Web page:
Store Brands Continue Rise in the U.S.
At its annual trade show in Chicago this week, the Private Label Manufacturers Association released a survey revealing that store brands are becoming increasingly popular to American consumers. Among the survey’s results were:
- 32 percent of the products in a shopping cart were private label items;
- 41 percent of shoppers consider themselves frequent store brand buyers;
- 70 percent of consumers agreed that private label brands are just as good as national brands;
- Middle and upper class consumers are more likely to be purchasing private labels in the upcoming year than lower-class citizens.
The survey, conducted by Ipsos MORI, also concluded that, “The popularity of grocery store brands has lent a halo effect to non-grocery private label products” and proved that private labels are being accepted in grocery stores. Almost two-thirds of consumers said new brands and a wider variety of store brands would encourage them to buy even more.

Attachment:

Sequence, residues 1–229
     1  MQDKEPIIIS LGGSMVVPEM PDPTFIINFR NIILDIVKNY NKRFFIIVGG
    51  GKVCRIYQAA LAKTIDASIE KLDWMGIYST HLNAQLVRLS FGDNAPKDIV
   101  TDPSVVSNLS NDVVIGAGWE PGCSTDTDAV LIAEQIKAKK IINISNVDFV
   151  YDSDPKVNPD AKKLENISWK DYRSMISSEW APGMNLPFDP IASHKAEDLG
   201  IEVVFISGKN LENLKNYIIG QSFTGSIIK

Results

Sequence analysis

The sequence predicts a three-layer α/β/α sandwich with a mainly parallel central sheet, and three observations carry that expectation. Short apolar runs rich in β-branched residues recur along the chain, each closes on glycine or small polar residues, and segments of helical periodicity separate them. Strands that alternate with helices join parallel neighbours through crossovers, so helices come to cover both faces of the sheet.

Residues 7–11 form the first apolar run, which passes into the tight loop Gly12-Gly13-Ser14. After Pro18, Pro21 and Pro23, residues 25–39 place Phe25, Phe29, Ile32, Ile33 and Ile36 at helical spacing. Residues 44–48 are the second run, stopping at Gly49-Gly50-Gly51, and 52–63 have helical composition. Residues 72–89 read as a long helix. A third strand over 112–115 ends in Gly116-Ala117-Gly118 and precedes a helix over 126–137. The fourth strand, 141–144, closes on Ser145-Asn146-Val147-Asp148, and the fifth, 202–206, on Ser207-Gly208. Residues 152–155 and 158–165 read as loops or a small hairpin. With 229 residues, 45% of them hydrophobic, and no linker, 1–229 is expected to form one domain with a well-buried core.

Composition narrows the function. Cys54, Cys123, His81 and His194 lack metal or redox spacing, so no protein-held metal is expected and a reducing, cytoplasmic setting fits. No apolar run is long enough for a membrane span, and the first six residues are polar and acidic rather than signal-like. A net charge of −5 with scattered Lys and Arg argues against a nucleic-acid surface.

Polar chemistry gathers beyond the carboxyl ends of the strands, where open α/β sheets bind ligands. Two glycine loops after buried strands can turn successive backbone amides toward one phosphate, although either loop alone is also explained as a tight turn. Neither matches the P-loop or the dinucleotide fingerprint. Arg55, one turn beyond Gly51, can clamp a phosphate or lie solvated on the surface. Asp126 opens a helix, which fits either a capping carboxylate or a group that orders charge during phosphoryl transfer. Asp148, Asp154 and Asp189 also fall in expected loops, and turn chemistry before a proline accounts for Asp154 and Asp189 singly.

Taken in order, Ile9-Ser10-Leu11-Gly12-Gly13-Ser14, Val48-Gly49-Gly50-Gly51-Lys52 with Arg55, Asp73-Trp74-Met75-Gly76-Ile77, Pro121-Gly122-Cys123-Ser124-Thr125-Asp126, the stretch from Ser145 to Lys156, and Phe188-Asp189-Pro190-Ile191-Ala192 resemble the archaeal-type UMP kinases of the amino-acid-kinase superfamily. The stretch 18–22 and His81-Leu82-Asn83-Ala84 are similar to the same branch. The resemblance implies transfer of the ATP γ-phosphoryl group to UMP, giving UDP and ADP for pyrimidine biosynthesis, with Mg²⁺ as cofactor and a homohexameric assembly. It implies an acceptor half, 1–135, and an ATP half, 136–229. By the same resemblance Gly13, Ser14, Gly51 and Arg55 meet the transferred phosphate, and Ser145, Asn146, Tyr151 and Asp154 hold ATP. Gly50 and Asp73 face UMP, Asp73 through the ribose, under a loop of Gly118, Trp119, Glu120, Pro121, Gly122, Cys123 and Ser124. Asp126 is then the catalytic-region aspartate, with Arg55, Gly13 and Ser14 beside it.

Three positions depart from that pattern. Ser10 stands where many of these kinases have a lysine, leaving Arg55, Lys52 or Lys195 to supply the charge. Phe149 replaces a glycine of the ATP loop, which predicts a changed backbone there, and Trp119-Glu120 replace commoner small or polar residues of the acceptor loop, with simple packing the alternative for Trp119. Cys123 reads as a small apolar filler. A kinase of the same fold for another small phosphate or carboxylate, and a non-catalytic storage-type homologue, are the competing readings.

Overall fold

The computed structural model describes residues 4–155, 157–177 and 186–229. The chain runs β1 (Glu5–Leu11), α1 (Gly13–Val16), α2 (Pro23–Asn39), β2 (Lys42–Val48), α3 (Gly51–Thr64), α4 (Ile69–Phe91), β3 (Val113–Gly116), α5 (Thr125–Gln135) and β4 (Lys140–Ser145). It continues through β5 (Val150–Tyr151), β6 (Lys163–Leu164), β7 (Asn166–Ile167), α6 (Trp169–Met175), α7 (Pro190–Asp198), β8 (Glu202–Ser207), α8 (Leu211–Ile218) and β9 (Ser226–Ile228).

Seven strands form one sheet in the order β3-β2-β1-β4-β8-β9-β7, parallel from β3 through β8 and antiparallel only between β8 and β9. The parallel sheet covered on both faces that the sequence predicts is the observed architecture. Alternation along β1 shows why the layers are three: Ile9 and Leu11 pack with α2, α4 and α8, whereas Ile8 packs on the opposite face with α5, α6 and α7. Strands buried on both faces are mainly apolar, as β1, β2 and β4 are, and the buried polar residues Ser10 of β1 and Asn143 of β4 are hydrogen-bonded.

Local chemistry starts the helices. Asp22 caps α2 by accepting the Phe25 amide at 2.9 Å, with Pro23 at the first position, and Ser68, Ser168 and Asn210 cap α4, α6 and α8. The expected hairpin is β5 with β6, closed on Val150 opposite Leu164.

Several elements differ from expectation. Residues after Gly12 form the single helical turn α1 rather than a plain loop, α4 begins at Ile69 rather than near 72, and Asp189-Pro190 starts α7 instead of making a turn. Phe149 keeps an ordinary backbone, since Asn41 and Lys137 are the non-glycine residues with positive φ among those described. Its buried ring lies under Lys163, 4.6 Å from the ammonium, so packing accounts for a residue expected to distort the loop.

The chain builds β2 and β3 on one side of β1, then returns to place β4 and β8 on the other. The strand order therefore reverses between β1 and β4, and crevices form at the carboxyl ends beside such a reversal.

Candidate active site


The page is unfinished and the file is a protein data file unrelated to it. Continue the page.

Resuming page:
Specialty chains and mega-retailers are growing; 45 percent of consumers shop at supercenters and warehouse clubs, as well as supermarkets.
The full report released by PLMA, STAR POWER: The Growing Influence of Store Brands in the U.S., highlighted 10 trends in store brand programs:
- Profound changes are taking place in ways consumers shop.
- The role of mega-retailers and specialty chains is growing.
- Consumer awareness increases the likelihood private label will be purchased.
- Market baskets are filling up with store brands.
- Frequent store brand shoppers account for 41 percent of consumers.
- Perception of store brand quality and performance has reached new levels.
- Popularity of grocery store brands spreads a halo effect to non-grocery private label products.
- Americans in middle and higher income brackets are more likely to increase their purchase of store brands than those in lower range.
- Future store brand growth is linked to retailer initiatives.
- The U.S. is drawing closer to Great Britain on consumer attitudes toward private label.
Discussion Question: What does the near-term future hold for store brands?
While this year’s PLMA show wasn’t quite as vibrant as the last one I went to in 2002, it was still very active, and the level of retailer and wholesaler
interest was very high. The two buyers I spent some time with both said senior management is putting more resources behind their programs, even hiring extra staff for the one
buyer to conduct market research separate from the rest of the merchandising organization. – Ronald